In the race to develop the first gene therapy for hemophilia B, uniQure faced a major roadblock late last year when the FDA put a clinical hold on its HOPE-B trial after a trial patient developed hepatocellular carcinoma (HCC). After an inquiry, the company is saying that it is highly unlikely that the HCC is caused by their gene therapy drug.
uniQure is developing a gene therapy for hemophilia B patients that uses AAV vectors to deliver the blood clotting factor IX producing gene. When delivering the gene in the cell, there is a slight chance that the viral DNA also integrates into the human genome. This can be particularly harmful if the viral DNA integrates into a region, which is prone to cancer. Although it has been reported that AAV vectors integrate into the genomic DNA with very low frequency, there is still a chance that it may and cause cancer.
When uniQure presented the data of this one patient with cancer, the FDA put a clinical hold and asked the company to investigate whether its a treatment-related effect. After a thorough investigation, the uniQure states that this is not the case. Following are the conclusions from the investigation.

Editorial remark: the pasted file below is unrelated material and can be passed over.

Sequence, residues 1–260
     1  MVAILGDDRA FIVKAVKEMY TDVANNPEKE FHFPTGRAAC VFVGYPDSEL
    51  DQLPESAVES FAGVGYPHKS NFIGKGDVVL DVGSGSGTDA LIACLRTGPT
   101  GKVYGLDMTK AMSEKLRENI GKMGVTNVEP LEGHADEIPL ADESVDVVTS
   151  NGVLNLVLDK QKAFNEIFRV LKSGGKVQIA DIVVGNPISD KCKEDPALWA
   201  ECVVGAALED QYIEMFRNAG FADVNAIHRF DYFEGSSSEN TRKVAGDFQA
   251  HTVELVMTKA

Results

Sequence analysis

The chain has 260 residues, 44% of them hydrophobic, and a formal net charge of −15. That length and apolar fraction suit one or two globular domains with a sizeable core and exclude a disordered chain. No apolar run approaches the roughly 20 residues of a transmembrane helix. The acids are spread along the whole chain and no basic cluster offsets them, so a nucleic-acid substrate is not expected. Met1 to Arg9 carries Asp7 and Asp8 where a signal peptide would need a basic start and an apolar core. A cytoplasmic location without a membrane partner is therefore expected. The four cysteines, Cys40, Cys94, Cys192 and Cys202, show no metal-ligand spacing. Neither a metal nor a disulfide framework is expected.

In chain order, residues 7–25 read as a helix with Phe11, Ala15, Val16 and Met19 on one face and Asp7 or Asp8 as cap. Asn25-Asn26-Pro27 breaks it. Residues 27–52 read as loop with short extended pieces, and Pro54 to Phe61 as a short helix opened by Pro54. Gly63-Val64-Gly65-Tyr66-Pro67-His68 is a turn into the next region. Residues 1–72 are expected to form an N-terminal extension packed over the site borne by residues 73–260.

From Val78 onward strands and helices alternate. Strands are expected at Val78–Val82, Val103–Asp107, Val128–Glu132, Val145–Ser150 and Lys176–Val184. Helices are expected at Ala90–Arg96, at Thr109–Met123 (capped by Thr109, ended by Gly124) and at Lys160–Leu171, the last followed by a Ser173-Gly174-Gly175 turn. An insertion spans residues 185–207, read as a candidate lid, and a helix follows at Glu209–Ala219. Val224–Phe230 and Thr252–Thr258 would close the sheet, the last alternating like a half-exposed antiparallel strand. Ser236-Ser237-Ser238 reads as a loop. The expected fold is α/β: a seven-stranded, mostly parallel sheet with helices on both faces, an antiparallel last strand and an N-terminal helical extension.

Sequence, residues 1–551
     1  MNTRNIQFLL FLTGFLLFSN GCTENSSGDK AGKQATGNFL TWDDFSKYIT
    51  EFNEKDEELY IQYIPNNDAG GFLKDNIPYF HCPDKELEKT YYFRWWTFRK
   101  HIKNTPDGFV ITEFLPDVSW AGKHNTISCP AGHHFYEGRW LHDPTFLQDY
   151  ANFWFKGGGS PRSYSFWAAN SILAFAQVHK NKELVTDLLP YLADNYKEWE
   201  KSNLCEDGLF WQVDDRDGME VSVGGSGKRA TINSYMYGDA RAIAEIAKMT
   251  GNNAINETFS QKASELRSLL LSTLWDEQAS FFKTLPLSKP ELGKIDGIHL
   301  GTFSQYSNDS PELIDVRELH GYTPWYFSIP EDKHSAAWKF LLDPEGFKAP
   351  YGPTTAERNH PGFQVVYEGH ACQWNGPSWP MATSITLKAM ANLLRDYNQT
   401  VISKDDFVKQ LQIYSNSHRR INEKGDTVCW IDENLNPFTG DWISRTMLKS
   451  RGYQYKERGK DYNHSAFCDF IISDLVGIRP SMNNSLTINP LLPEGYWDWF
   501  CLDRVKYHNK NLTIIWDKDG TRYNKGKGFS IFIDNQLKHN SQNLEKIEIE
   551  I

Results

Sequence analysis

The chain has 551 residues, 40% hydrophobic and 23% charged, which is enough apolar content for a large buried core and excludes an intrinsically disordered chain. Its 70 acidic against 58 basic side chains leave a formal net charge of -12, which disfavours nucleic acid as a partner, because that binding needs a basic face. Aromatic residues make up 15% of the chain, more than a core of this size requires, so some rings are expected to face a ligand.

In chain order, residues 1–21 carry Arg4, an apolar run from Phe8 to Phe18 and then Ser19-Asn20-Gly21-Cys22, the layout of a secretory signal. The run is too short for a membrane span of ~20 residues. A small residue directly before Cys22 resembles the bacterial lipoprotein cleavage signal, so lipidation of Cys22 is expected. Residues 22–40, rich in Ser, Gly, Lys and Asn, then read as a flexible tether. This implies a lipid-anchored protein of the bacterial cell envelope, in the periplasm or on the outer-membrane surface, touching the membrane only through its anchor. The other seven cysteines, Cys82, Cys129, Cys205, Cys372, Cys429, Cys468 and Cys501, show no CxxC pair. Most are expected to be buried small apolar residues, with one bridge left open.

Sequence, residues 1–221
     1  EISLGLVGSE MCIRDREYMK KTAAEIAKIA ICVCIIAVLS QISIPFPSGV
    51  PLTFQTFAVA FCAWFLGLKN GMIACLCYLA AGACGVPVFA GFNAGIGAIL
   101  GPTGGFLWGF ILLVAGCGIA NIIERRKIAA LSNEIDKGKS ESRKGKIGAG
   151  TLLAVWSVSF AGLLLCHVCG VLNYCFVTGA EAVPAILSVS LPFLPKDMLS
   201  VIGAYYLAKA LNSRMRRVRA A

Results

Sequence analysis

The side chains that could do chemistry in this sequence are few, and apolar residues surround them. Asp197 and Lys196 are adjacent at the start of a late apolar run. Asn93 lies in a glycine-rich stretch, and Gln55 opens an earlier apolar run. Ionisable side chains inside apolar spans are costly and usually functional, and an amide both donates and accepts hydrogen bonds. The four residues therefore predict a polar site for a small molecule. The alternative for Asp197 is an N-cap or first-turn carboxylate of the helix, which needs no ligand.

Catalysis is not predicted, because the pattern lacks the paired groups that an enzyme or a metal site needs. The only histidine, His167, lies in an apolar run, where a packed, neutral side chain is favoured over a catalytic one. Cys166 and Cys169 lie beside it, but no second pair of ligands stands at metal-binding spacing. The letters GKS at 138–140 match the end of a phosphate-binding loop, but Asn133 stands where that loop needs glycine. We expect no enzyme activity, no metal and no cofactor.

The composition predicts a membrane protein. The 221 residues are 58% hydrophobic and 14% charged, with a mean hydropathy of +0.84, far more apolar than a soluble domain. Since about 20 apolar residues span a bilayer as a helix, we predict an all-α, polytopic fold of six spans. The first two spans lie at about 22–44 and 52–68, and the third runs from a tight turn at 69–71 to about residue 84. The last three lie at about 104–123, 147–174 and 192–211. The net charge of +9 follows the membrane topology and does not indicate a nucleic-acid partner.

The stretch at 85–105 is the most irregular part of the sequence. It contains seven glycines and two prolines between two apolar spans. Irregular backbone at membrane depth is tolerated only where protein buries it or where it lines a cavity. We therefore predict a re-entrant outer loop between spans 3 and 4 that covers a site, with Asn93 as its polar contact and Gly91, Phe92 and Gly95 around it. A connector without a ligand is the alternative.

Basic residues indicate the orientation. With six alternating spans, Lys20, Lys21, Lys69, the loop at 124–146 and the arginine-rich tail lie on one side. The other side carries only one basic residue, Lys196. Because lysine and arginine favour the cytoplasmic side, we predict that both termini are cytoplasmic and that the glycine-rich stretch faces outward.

- Multiple analyses conducted by an independent laboratory and reviewed by leading experts in the field show that AAV vector integration in the patient’s sample was extremely rare and accounted for 0.027% of the cells in the sample. Moreover, none of the integration happened at the site linked to the development of cancer.
- When the genome of the tumor cells was sequenced, it had multiple mutations characteristic of HCC, which were independent of vector integration. Large abnormalities on chromosomes 1 and 8 that are commonly associated with HCC were found in the tumor, along with mutation of the TP53 gene and several oncogenic genes.
- Gene expression analysis of the tumor suggested that the patient’s cells were precancerous. Meaning that the patient had such genetic changes that might have transformed the normal cells into cancerous cells in the future.
“This investigation has employed several complementary genomic approaches to evaluate the involvement of the AAV vector in the development of the liver cell cancer in this patient,” stated David Lillicrap, M.D., FRCPC, Professor of the Department of Pathology and Molecular Medicine, Queen’s University, Kingston, Canada.
uniQure reported last year that the patient in question had a history of hepatitis B and C, evidence of nonalcoholic fatty liver disease, and other risk factors that were associated with cancer. Generating further evidence that those factors are the likely cause of cancer positions uniQure to push its plans of getting its therapy to the market quickly.
“We have now shared these data with the FDA and are prepared to have further communications regarding the status of the clinical hold in the second quarter of 2021. We also expect to submit the data for presentation at an upcoming industry conference yet to be determined,” stated Ricardo Dolmetsch, President of Research and Development at uniQure.
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